I am constantly asked if age-related challenges pertaining to technology use are purely generational. For example, future older adults will be pervasive smartphone users and therefore barriers to accessing smartphones will no longer exist in 20 years. However, I argue that age-related disability will remain an issue. This will also remain a challenge if we continue to be such as a graphical interface-based society. In my previous work with interviews of older adults with late-life vision loss, data show that for those who were once active internet users, once their vision becomes worse to the point that they have to start using assistive technologies, many choose to disengage with online communities [4]. Unfortunately, this means that people also disconnect themselves from sources of information (online information seeking) and sources of social support. Instead, researchers need to do as much as possible to ensure there are alternatives to online engagement that allow for easier forms of internet access, but also that do not exist within a bubble of accessibility systems only for older adults or people with disabilities.

I argue for the use of voice-based interfaces, because voice is inherently different from graphical interfaces. Voice is an identifier, which raises privacy questions. Also, voice-only interfaces do not include the many clues that graphical interfaces include, so we need to design differently with a lower level of complexity for high-complexity tasks.

How will applications of the future differ from today for older adults?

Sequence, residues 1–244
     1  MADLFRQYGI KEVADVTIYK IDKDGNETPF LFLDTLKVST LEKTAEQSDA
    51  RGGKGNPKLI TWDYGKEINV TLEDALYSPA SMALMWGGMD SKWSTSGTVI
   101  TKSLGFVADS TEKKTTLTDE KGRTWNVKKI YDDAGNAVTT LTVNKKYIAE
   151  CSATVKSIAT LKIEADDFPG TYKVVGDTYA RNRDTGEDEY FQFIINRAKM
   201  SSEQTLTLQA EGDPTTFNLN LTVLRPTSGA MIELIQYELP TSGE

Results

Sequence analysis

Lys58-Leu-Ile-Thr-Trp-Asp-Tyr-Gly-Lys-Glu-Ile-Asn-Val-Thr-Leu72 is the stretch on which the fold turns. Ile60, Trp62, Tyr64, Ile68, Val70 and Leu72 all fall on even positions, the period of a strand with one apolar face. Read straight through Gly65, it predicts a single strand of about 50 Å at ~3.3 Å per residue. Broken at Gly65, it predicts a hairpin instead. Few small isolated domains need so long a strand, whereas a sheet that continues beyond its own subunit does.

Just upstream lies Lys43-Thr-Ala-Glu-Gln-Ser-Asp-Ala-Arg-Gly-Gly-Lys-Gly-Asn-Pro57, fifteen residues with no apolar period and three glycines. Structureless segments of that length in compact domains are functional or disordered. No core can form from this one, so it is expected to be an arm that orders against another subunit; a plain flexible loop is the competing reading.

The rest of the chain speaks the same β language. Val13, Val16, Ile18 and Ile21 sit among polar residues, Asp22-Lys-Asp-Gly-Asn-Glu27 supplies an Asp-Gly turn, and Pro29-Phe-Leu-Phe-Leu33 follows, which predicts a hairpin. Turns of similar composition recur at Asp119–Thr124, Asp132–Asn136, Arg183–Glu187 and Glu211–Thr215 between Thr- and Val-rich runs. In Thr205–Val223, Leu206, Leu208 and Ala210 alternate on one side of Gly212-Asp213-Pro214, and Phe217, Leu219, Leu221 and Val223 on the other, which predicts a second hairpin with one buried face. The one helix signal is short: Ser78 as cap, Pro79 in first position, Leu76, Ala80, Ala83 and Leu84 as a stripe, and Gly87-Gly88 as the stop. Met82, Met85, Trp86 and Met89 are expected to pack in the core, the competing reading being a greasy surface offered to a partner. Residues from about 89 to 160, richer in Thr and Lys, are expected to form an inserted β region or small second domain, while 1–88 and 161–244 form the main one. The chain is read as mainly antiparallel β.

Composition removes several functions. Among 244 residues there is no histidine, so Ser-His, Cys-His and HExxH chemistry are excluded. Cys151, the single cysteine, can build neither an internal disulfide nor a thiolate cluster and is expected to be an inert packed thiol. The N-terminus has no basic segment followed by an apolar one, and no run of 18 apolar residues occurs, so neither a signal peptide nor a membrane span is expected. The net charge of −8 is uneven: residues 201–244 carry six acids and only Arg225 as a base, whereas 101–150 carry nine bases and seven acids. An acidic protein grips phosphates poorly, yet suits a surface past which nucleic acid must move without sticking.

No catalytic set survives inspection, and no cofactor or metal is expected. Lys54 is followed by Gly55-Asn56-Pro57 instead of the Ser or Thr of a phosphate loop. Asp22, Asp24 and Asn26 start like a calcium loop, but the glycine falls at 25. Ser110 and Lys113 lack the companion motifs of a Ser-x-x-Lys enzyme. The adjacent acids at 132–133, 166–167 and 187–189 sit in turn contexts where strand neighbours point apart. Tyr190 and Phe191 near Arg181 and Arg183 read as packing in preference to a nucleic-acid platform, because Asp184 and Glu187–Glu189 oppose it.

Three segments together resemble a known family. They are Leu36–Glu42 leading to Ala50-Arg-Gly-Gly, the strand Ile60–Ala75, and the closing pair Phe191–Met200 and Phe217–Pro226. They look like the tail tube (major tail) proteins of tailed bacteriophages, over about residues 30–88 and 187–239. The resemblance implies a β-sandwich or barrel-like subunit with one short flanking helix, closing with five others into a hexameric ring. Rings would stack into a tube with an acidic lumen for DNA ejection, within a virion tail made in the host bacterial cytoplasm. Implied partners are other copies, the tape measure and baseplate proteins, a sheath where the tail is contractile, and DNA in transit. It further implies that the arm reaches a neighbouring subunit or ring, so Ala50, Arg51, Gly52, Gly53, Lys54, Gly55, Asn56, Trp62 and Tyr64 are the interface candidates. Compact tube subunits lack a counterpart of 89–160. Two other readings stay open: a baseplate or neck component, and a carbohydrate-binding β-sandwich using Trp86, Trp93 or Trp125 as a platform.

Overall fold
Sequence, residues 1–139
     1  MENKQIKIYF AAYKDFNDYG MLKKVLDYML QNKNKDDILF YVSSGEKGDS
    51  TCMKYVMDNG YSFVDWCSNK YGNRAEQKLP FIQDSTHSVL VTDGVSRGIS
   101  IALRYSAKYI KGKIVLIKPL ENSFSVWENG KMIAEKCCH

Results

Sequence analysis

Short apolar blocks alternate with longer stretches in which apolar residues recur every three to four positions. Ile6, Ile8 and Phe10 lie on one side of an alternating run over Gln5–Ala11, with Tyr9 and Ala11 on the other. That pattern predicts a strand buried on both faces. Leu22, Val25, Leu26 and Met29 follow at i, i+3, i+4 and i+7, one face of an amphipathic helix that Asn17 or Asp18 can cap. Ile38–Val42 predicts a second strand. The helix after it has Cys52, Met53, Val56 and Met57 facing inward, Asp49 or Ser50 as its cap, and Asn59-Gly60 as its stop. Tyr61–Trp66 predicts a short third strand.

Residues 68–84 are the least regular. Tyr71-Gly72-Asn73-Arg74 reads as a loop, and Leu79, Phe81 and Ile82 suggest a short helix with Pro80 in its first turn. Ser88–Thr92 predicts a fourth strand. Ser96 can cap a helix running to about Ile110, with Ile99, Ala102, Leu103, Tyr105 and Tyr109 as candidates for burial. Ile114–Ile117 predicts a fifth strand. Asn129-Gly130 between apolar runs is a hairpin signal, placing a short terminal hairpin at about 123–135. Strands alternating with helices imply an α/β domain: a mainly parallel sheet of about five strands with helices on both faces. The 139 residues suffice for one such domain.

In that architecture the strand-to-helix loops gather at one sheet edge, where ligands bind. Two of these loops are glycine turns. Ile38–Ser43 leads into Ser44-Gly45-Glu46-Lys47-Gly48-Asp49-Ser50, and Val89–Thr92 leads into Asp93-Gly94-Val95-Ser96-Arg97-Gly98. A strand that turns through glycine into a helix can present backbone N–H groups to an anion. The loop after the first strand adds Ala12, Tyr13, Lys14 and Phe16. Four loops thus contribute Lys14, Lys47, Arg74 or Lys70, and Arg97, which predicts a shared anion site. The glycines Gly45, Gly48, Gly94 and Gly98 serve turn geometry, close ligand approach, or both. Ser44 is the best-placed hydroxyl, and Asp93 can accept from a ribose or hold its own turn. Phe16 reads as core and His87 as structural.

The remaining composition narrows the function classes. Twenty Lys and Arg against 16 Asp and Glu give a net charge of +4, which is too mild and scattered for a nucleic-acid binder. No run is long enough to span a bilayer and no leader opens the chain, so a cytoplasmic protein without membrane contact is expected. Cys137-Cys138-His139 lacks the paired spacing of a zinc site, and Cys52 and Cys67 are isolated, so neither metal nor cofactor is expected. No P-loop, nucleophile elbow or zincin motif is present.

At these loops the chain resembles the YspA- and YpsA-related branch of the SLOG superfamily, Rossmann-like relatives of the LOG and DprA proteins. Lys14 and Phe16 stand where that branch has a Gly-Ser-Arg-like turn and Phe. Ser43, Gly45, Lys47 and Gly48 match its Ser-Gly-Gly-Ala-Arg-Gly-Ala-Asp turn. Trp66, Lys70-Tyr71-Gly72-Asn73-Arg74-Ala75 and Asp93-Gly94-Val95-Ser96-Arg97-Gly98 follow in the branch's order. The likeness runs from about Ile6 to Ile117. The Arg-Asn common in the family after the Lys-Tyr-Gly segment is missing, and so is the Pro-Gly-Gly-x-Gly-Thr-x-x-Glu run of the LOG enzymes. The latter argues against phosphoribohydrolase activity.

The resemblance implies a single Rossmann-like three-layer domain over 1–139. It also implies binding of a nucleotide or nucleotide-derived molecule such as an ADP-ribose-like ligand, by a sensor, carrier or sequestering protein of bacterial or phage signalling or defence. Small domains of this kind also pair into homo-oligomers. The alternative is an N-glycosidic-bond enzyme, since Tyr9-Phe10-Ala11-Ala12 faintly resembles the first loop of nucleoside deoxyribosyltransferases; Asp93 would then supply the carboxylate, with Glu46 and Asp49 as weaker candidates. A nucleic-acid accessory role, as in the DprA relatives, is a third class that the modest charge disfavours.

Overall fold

While this is tricky to answer, I think future technologies will continue to be increasingly pervasive and ubiquitous for older adults. They will further support independence and aging-in-place in new ways, empowering older adults rather than alienating them. In this way, I think accessibility as a discipline will disappear. Instead accessibility will hopefully be intertwined in the design process for people of all abilities, shifting from accessible design to inclusive design.

What are you hoping to get out of attending this workshop?

I hope to learn how others are going beyond accessibility to designing for older adults. I look forward to engaging in group discussion with senior and emerging leaders in the field of aging, critiquing how we have approached designing for older adults thus far and how we can effectively do so within and beyond the aging community in future work. I anticipate this workshop being able to lead to interdisciplinary, and perhaps, cross-institution collaborations to tackle some of the problems we identify in the panel-based discussions.

References/ Bibliography

  1. Brewer, R., Cornejo-García, R., Schwaba, T., Gergle, D., & Piper, A. M. (2016). Exploring Traditional Phones as an E-Mail Interface for Older Adults. ACM Transactions on Accessible Computing, 8(2), 1–20.
  2. Brewer, R. N., & Piper, A. M. (2016). “Tell It Like It Really Is”: A Case of Online Content Creation and Sharing Among Older Adult Bloggers. In Proceedings of CHI 16.
  3. Brewer, R. N., & Piper, A. M. (2017). xPress : Rethinking Design for Aging and Accessibility through a Voice-based Online Blogging Community. PACM HCI, 1(2).
  4. Piper, A. M., Brewer, R. N., & Cornejo, R. (2016). Technology learning and use among older adults with late-life vision impairments. Universal Access in the Information Society.